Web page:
In the twenties there was a musical group of about 25-30 men who were self taught, but read music and played by the note. They rehearsed on Calvert Street in a community center building which belonged to Asbury church. They rehearsed with the windows open so there was a weekly band concert! They also had a smaller group, a combo. This group played each week when the black population, particularly the fourth ward, had what they called a moonlight cruise. This was every week in the summertime. And this group would go to different parts of the fourth ward on the corners to arouse the populace by playing jazz on the corner. Once a year there was an excursion down the bay to Cambridge or Port Deposit. People would stay up all night cookin’. The band would play for that cruise too, on this daytime cruise. Everybody went, whole families, and we ate and ate’ and danced, played cards, socialized. Everybody knew everybody. There was such food: crab cakes, fried chicken, potato salad, homemade rolls and all kinds of cakes and people exchanged food.
This group marched on holidays. They started down at Calvert Street. One year they marched with the Navy Band. They had on white shirts and blue pants. The drum major was Reddy Hall and he wore a tall hat. The leader was a mortician, Warnick was his name. When one member of the band died, they marched through Calvert, up West Street and into Brewer Hill Cemetery playing Chopin’s Funeral March. All of the instruments were draped in black crepe. Then in New Orleans tradition, they played somethin’ snappy goin’ back. It was very impressive when I was young; I’ll never forget it.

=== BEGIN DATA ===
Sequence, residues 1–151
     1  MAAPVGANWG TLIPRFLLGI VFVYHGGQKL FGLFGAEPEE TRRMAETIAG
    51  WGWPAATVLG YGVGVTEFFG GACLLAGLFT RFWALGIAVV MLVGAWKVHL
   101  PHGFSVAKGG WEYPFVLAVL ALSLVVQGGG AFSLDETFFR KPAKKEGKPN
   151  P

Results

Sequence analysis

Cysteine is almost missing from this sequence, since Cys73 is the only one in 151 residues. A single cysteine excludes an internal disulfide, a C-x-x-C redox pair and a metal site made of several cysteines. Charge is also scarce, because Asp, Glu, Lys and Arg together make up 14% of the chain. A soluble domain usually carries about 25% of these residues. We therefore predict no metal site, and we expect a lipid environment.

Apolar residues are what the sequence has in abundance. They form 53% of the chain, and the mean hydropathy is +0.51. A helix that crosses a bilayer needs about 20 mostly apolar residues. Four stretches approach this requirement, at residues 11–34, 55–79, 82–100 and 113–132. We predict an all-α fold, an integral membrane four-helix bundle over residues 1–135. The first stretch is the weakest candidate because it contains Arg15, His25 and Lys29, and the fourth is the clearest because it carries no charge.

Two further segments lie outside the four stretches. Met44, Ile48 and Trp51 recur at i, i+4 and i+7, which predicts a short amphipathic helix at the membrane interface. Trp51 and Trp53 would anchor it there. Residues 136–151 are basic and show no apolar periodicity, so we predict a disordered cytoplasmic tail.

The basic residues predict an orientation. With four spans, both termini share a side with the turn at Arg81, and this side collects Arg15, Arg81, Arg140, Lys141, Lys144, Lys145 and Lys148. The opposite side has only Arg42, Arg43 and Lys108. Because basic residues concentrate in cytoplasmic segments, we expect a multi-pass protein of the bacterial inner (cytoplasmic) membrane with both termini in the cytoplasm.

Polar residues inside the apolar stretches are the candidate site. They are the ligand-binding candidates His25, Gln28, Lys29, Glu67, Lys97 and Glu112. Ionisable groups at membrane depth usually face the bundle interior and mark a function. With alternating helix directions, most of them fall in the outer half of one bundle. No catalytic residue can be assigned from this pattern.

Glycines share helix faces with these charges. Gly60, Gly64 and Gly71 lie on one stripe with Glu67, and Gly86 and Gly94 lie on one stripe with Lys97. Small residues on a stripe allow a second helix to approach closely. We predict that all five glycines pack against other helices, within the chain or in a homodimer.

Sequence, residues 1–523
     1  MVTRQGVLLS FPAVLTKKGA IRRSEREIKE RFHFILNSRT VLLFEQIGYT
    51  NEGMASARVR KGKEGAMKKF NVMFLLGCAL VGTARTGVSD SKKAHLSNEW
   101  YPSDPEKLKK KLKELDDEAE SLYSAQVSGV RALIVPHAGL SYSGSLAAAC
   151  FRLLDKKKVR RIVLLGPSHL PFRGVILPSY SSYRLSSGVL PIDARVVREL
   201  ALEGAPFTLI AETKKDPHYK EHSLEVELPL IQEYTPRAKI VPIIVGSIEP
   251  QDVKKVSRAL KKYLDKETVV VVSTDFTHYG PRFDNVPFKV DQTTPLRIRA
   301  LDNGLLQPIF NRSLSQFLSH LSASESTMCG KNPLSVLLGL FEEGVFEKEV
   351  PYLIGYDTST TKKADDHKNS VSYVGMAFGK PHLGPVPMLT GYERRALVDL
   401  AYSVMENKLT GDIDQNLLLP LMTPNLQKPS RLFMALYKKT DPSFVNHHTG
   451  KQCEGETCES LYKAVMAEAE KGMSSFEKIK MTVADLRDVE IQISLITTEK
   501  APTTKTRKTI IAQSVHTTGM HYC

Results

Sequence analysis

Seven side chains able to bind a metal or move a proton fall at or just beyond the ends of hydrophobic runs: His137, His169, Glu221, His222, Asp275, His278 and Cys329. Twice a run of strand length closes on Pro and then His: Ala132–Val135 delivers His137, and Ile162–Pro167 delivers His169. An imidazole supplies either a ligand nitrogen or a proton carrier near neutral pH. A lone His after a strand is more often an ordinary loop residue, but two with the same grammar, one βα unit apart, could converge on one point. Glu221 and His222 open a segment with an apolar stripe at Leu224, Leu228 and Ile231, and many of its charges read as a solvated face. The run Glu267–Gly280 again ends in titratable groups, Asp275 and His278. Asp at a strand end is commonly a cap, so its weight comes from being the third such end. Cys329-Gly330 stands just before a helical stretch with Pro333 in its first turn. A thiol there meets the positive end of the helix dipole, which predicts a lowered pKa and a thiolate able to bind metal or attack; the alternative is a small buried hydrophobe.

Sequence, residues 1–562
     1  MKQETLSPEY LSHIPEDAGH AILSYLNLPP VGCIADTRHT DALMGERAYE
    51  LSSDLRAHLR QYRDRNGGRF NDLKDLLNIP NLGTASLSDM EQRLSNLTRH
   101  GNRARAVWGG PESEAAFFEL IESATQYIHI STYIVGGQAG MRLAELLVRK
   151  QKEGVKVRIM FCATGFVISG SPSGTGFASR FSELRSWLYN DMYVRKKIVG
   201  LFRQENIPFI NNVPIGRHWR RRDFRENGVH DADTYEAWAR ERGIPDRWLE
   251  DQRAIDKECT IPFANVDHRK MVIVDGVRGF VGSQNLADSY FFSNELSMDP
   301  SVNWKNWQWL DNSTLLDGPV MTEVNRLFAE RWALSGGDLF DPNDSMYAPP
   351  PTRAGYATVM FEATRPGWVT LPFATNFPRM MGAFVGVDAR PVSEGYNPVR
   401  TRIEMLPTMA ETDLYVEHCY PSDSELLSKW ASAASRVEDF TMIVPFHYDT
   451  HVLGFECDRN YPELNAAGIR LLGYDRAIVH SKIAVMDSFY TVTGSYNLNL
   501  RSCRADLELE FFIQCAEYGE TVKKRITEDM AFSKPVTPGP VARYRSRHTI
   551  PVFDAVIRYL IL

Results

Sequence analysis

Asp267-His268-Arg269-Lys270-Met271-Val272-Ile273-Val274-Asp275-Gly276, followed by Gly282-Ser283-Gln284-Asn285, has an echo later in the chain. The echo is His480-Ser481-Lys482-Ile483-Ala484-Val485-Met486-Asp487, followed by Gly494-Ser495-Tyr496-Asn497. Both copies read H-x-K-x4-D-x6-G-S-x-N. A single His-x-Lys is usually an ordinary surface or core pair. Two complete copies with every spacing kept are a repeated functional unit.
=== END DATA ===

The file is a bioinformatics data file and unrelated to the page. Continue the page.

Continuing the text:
I guess that band played ten or twelve years. I remember some of the names: Joseph Harps and Emmet Nelson, James Snowden, Richard Embrey …
Nearly everything was church related in the black community. At Asbury there were camp meetings, usually in the fall for two weeks. I remember one at Asbury. It would involve singing and chanting. These camp meeting were African in origin. There was singing and chanting, and praying hands.
Henry Holland in an interview with Beth Whaley for Remember Inc., April 1993